This paper provides a detailed summary of visual schedule research published before 2004.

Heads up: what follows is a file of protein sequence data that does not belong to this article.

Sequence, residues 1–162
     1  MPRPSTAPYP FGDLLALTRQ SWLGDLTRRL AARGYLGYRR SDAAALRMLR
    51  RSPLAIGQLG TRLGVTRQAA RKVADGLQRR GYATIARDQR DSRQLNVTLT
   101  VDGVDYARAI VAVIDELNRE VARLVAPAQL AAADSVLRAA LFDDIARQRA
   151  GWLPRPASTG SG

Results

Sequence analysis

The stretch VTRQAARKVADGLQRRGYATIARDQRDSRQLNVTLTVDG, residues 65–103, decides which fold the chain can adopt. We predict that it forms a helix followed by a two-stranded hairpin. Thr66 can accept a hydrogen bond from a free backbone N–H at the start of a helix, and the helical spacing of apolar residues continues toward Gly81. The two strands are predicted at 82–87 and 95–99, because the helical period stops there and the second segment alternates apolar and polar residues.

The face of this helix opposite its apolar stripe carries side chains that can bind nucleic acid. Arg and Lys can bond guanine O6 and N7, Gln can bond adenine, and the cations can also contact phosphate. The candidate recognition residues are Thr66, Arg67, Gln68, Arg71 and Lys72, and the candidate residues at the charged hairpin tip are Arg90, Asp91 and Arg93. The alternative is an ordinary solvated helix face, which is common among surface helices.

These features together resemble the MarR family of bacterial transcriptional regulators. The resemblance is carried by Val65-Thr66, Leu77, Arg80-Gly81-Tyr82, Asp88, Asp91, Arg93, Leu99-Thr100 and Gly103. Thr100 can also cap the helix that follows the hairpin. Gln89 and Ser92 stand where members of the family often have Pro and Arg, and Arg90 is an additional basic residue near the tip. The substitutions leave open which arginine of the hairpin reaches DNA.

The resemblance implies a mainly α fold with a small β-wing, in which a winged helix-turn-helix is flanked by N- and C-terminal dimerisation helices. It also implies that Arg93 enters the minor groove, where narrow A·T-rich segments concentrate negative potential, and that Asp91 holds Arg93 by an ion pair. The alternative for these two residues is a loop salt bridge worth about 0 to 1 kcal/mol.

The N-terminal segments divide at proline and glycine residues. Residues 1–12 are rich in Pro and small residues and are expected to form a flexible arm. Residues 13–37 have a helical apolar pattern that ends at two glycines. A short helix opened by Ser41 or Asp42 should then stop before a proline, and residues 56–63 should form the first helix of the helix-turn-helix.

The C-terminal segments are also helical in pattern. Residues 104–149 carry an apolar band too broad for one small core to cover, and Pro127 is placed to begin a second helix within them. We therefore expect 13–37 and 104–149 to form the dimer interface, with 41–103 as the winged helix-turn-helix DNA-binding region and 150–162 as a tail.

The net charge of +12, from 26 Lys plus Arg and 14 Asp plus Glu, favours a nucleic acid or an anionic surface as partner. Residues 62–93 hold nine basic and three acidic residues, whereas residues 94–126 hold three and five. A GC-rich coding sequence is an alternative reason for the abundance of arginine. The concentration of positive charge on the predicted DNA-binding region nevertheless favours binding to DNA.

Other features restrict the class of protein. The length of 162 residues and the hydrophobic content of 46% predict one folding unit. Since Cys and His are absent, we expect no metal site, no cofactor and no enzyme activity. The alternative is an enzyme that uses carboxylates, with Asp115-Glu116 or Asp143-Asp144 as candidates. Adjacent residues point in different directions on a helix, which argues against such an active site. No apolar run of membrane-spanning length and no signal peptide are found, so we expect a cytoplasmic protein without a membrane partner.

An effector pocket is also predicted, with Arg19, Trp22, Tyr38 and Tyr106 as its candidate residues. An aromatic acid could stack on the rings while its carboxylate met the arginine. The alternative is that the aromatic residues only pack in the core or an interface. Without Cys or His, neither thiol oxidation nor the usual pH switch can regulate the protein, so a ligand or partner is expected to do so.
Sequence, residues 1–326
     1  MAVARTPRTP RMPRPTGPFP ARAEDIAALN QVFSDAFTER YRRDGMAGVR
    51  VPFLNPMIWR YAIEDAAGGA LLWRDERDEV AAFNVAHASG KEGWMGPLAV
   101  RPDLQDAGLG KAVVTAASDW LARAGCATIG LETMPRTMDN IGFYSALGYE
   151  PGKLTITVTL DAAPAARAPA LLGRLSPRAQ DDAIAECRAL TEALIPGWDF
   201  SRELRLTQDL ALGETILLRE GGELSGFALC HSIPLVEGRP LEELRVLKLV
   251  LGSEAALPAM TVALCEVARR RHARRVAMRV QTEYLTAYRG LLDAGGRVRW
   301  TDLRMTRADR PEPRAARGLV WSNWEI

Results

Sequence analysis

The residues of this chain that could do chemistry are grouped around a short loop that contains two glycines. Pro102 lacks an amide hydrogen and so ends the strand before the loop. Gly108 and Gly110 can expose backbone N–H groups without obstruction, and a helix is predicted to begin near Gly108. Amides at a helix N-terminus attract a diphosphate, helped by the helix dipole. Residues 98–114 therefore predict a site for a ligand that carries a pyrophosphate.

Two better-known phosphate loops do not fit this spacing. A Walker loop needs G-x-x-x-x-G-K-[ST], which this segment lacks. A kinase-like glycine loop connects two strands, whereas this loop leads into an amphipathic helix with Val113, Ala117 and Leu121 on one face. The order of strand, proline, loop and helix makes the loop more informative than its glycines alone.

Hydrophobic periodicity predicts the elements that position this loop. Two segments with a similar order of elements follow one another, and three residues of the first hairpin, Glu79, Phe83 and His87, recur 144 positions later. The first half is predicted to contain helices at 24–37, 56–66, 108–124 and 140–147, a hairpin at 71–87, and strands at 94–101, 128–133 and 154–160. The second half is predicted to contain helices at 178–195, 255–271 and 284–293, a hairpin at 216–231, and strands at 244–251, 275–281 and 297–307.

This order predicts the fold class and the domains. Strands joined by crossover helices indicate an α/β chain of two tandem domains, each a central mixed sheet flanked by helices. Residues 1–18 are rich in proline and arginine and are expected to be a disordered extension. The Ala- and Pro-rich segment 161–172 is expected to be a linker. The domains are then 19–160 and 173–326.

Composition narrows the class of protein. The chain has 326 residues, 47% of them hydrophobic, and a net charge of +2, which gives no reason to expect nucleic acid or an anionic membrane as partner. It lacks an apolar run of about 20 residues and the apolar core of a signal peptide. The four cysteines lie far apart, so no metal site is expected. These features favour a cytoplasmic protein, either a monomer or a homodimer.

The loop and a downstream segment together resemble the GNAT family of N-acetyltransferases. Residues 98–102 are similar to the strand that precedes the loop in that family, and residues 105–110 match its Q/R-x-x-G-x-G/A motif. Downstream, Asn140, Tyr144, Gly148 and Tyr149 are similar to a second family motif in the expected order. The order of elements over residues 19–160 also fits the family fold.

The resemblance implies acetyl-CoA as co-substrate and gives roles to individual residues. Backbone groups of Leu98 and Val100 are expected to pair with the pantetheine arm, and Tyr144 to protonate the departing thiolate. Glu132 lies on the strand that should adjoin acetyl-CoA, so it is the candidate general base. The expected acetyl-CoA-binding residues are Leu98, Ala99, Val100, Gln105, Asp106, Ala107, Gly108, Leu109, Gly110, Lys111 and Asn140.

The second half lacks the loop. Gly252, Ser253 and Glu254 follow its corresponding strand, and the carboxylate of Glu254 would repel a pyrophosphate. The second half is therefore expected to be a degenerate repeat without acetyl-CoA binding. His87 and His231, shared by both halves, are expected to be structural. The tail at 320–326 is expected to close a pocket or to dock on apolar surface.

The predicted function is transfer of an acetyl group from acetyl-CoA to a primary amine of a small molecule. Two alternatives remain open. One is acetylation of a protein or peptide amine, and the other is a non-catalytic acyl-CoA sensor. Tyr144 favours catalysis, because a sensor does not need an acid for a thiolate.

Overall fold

Increasingly, visual schedules are being used to help children with autism who exhibit problem behavior. According to the authors, the primary purpose of a visual schedule is to “provide the individual with a way to predict or understand upcoming events in order to reduce problem behavior and increase independence.” The article provides specific examples of visual schedules and describes concretely how the visual schedules can be used. It also describes how a visual schedule can accomplish the dual purpose of providing the child with information about upcoming activities, as well as an appropriate format for teacher attention. The authors report that visual schedules have a great deal of empirical support; they make suggestions on how a speech therapist can implement visual schedules in the school and home setting. Incorporation of visual schedules should result in improved functional communication and improved quality of life for the child.